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35 minutes ago, deicer said:

Comments from Conrad Black, a convicted criminal, who also has a long and storied history of screwing the average man, are irrelevant.

deicer, as are comments that we make about the recent US election. Nothing we say or do will change anything.  We are better off keeping an eye on what is happening here in Canada. For instance:

Pipelines left out of climate strategy


 OTTAWA • The federal government has released its long- term climate strategy with a caution that most Canadians don’t yet understand how difficult it will be. The federal government’s long-term climate strategy says, in order to reduce greenhouse gas output, Canada must make a move to electrification of transportation, building heating and industrial power. The paper does not mention the current political debate over approval of new, long-term fossil fuel infrastructure, including pipelines.

“Most Canadians recognize the need to mitigate climate change and limit the increase in the global average temperature, but the magnitude of the challenge is less well understood, with a requirement for very deep emissions cuts from every sector by mid-century,” says the 87- page plan, released Friday at an international climate conference in Morocco.

The document says that for Canada to reduce its entire output of greenhouse gases to 150 million tonnes a year by 2050 to match the international Paris climate accord, a major move to electrification for everything from transportation to building heating and industrial power is necessary. The most recent Environment Canada inventory assessed the country’s carbon dioxide equivalent emissions at 732 million tonnes in 2014 — and slowly rising.

Forestry, agriculture, municipal waste, technological innovation and energy efficiency — 38 per cent of all emissions cuts needed can be achieved through energy efficiencies, notes the paper — all get their own chapters, but Canada’s oil and gas sector does not.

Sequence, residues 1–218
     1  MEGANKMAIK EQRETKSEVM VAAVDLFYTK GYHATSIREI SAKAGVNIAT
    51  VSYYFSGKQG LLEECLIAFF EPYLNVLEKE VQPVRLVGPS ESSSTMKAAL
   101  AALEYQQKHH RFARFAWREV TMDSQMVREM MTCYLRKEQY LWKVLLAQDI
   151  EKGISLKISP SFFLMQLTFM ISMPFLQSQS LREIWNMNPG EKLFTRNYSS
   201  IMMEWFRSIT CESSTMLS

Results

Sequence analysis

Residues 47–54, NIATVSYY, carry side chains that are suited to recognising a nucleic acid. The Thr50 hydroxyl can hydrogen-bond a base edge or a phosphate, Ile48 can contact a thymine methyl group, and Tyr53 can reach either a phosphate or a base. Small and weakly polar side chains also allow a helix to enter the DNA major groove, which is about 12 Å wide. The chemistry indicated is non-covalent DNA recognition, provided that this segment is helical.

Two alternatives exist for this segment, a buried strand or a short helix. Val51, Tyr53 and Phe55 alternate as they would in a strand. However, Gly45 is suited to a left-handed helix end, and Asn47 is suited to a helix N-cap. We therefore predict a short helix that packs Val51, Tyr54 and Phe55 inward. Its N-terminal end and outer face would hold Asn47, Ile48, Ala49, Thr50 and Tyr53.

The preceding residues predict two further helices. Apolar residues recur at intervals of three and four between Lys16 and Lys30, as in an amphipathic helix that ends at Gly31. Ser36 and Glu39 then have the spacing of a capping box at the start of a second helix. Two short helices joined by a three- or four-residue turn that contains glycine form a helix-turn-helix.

Nor does the strategy paper mention the current political debate over approval of new, long- term fossil fuel infrastructure, including pipelines. Prime Minister Justin Trudeau’s government has already approved a major liquefied natural gas project for northern B.C. this fall and is poised to pronounce on Kinder Morgan’s proposed tripling of the Trans Mountain oil pipeline by mid-December.

“Canada’s mid- century strategy is not a blueprint for action and it is not policy prescriptive,” states the document. “Rather, the report is meant to inform the conversation about how Canada can achieve a lowcarbon economy.”

Environmental advocates were quick to weigh in.

“The report’s warnings on the dangers of building new infrastructure that locks in a high-carbon economy has to be seen as a big, flashing red light telling Trudeau to reject the Kinder Morgan and Energy East pipelines,” Keith Stewart of Greenpeace Canada said Friday in an email.

Edmonton Mayor Don Iveson, chair of the big-city mayors caucus in the Federation of Canadian Municipalities, was in Marrakech at the climate conference all week and has heard the antipipeline pitch repeatedly.

He said that he sees no inconsistency in approving new pipelines while driving down greenhouse gas emissions, noting a million barrels of oil a day currently travels through Edmonton neighbourhoods by rail.

“This is product that is already being extracted and processed, to some degree, today,” said Iveson.

“And it’s going to continue to be as long as there’s a market for it. And there’s going to continue to be a market for it as we make this transition.”

IMO cheers Malcolm

Edited by Malcolm
edited to add an example before reading reply from deicer. Someone who has, in my opinion, always been civil.
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I didn't see the correction regarding the woman who complained her hijab was torn off. Allegedly....she lied. Trump was elected by virtue of the votes of those he persuaded with his campaign pron